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Richmond Hill in Bryan County, Georgia — The American South (South Atlantic)
 

C.S.S. Nashville

 
 
C.S.S. Nashville Marker image. Click for full size.
By Mike Stroud, October 5, 2008
1. C.S.S. Nashville Marker
Inscription.   Built by William Collyer in New York City. She was ordered by New York merchants and launched September 22, 1853. Her maiden voyage was from New York to Charleston, South Carolina, under the name United States Mail Steamship Nashville, with a cargo of mail and passengers. The bottom of the vessel was sheathed in copper in 1854 to prevent marine growth. She was overhauled in 1859, and received new boilers in June 1860.
The Nashville entered Charleston Harbor April 12, 1861, as the Civil War began. She was purchased by the newly formed Confederate States Navy for $100,000. She was the first vessel commissioned by the Confederate States Government and the first to fly a Confederate flag in England.
She entered South Hampton England, November 21, 1861, after capturing and burning the Union ship Harvey Birch.
The C.S.S. Nashville, renamed the Privateer Rattlesnake, came to an end of blockade running on February 28, 1863. Trapped in the Ogeechee by a sandbar at low tide, the guns of Fort McAllister could not protect her and within an hour the Union Ironclad Montauk
C.S.S. Nashville image. Click for full size.
By Naval History and Heritage Command
2. C.S.S. Nashville
had sunk the Confederate vessel.
 
Topics. This historical marker is listed in these topic lists: War, US CivilWaterways & Vessels.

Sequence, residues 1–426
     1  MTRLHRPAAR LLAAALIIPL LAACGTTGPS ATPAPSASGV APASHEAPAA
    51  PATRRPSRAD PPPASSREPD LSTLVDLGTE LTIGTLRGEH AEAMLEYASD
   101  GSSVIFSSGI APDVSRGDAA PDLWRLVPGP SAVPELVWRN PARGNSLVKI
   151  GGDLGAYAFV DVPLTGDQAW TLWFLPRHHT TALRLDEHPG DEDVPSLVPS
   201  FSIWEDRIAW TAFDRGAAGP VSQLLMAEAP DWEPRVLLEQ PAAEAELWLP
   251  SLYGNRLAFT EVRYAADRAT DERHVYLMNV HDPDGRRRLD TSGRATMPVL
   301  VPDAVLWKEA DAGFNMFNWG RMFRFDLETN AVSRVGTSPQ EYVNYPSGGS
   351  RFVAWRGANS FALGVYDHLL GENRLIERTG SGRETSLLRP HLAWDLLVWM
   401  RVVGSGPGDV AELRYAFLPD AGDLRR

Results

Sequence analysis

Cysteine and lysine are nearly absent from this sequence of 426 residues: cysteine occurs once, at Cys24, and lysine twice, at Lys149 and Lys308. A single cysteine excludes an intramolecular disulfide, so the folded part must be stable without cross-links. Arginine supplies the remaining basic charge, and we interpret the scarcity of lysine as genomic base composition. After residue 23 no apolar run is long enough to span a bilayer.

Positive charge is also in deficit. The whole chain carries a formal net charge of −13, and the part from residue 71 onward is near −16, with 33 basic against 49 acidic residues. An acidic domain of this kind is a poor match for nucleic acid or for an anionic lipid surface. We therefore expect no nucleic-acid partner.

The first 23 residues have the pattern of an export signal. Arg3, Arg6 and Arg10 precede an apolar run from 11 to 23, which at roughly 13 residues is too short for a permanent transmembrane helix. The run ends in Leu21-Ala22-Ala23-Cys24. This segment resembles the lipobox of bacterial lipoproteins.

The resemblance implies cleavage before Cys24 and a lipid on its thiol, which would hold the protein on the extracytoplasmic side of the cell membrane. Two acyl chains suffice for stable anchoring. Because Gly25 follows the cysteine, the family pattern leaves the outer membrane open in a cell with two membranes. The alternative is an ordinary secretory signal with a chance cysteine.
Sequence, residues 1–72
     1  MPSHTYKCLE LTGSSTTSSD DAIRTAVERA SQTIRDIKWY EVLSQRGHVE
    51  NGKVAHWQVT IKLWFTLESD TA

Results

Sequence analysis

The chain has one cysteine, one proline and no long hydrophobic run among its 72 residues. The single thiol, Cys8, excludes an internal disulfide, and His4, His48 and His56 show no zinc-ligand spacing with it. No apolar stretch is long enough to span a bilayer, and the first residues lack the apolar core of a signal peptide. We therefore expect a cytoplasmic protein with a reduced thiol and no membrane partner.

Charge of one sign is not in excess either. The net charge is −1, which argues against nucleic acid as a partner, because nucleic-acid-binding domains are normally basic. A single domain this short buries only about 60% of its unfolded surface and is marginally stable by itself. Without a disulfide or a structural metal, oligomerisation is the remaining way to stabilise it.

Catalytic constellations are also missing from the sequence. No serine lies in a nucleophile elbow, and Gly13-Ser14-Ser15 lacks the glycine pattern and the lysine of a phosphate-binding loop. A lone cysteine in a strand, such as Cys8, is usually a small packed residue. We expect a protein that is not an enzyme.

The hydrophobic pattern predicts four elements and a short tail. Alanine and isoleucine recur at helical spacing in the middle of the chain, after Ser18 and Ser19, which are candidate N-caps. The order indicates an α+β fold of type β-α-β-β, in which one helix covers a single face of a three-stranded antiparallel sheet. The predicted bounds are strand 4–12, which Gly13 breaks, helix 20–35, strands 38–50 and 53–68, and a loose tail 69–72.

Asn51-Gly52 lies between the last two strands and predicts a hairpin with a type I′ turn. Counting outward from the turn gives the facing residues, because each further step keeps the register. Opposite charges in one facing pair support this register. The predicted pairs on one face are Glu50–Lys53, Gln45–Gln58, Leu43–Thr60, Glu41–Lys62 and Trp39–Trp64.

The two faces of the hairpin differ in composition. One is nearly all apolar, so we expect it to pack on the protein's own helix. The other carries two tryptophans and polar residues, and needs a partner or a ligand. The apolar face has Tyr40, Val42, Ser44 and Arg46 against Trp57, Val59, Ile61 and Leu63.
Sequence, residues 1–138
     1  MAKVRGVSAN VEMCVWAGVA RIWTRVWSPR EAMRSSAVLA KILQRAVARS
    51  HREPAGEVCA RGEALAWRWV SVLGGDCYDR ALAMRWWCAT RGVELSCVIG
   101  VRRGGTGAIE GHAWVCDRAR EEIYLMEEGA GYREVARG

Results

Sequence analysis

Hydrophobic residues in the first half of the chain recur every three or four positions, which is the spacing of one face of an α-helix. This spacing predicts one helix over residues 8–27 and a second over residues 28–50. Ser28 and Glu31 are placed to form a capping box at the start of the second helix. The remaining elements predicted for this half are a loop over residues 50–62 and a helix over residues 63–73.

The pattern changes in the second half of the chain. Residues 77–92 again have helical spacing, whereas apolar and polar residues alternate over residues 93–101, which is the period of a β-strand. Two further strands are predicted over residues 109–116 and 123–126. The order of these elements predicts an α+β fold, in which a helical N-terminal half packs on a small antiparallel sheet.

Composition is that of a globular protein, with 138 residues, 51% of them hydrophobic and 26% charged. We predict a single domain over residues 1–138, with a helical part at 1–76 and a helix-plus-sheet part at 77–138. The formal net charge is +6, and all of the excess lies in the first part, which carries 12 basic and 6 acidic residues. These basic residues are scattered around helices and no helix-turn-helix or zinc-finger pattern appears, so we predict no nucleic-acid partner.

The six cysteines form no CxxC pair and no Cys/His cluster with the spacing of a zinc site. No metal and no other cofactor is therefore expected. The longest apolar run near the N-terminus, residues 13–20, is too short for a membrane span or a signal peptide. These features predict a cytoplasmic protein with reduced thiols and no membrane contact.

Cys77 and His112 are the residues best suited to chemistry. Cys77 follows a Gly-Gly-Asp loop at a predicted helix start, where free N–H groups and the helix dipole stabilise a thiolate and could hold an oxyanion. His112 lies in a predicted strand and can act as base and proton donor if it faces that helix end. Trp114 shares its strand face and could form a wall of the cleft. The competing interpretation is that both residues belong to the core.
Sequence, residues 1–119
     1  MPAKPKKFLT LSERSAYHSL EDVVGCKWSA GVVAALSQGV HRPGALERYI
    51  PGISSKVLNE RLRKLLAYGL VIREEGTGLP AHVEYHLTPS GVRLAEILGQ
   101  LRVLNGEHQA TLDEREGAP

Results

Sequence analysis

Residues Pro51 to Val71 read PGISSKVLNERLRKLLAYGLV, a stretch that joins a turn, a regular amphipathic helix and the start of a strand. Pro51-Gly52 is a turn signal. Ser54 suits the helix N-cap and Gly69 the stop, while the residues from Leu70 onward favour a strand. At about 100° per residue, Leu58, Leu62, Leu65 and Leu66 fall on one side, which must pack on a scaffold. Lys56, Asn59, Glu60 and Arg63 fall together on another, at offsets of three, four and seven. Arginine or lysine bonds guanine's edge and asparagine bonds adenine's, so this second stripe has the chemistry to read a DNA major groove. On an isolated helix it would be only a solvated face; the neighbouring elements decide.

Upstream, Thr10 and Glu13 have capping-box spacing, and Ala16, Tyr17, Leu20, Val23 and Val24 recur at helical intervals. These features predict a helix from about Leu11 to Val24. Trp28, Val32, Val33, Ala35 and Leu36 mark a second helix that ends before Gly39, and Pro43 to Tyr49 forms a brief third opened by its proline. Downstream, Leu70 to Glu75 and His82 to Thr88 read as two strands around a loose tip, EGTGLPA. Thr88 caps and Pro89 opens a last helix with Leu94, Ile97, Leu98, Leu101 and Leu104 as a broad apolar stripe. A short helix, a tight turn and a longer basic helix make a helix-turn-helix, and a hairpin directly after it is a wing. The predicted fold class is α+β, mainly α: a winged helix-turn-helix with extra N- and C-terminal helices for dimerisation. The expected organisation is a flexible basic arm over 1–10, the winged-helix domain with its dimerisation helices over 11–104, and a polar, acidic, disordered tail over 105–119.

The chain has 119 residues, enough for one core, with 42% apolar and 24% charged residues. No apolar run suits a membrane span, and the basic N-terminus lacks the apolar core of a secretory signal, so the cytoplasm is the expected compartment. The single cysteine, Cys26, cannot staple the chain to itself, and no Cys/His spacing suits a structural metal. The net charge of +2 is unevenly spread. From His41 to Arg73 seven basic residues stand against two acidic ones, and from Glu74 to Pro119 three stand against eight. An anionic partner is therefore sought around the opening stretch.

Location. 31° 53.39′ N, 81° 11.939′ W. Marker is in Richmond Hill, Georgia, in Bryan County. Marker can be reached from Fort McAllister Road. Located at the Fort McAllister parking lot, near the visitor center for the state park. Touch for map. Marker is in this post office area: Richmond Hill GA 31324, United States of America. Touch for directions.
 
Other nearby markers. At least 8 other markers are within walking distance of this marker. Destruction of the C.S.S. Nashville (here, next to this marker); Sinking of the CSS "Nashville (Rattlesnake)" (a few steps from this marker); Fort McAllister The Naval Bombardments (within shouting distance of this marker); Fort McAllister The Assault From The Rear (within shouting distance of this marker); Capt. John McCrady (within shouting distance of this marker); Major John B. Gallie (within shouting distance of this marker); Tom Cat (within shouting distance of this marker); Machinery From The C.S.S. Nashville (about 400 feet away, measured in a direct line). Touch for a list and map of all markers in Richmond Hill.
 
More about this marker. (Upper Left Picture)
C.S.S. Nashville Burning the Harvey Birch by D. McFarlane, 1864


(Upper Right Picture)
From Tangled Machinery and Charred Relics, by Chance, Chance & Topper, 1985


(Lower left picture)
From A Short History of Naval and Marine Engineering by Eng. Capt. Dagar C. Smith, 1937


(Lower right picture)
From Tangled Machinery and Charred Relics, by Chance, Chance & Topper, 1985


C.S.S. Nashville Specifications

• Length - 216 feet • Draft - 12 feet • Displacement - 1,500 tons
• Engine - One side lever, two 32 feet side wheels

• Coal Bunkers - 185 tons capacity • Speed - 14 knots (12 miles )
per hour
 
Also see . . .  CSS Nashville. was a brig-rigged passenger steamer (Submitted on October 23, 2008, by Mike Stroud of Bluffton, South Carolina.) 
 
C.S.S. Nashville Marker image. Click for full size.
By Bill Coughlin, August 5, 2013
3. C.S.S. Nashville Marker
Marker at Fort McAllister State Park image. Click for full size.
By Bill Coughlin, August 5, 2013
4. Marker at Fort McAllister State Park
 
 
Credits. This page was last revised on March 12, 2019. It was originally submitted on October 23, 2008, by Mike Stroud of Bluffton, South Carolina. This page has been viewed 1,516 times since then and 23 times this year. Photos:   1, 2. submitted on October 23, 2008, by Mike Stroud of Bluffton, South Carolina.   3, 4. submitted on August 8, 2013, by Bill Coughlin of North Arlington, New Jersey. • Craig Swain was the editor who published this page.
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Aug. 3, 2020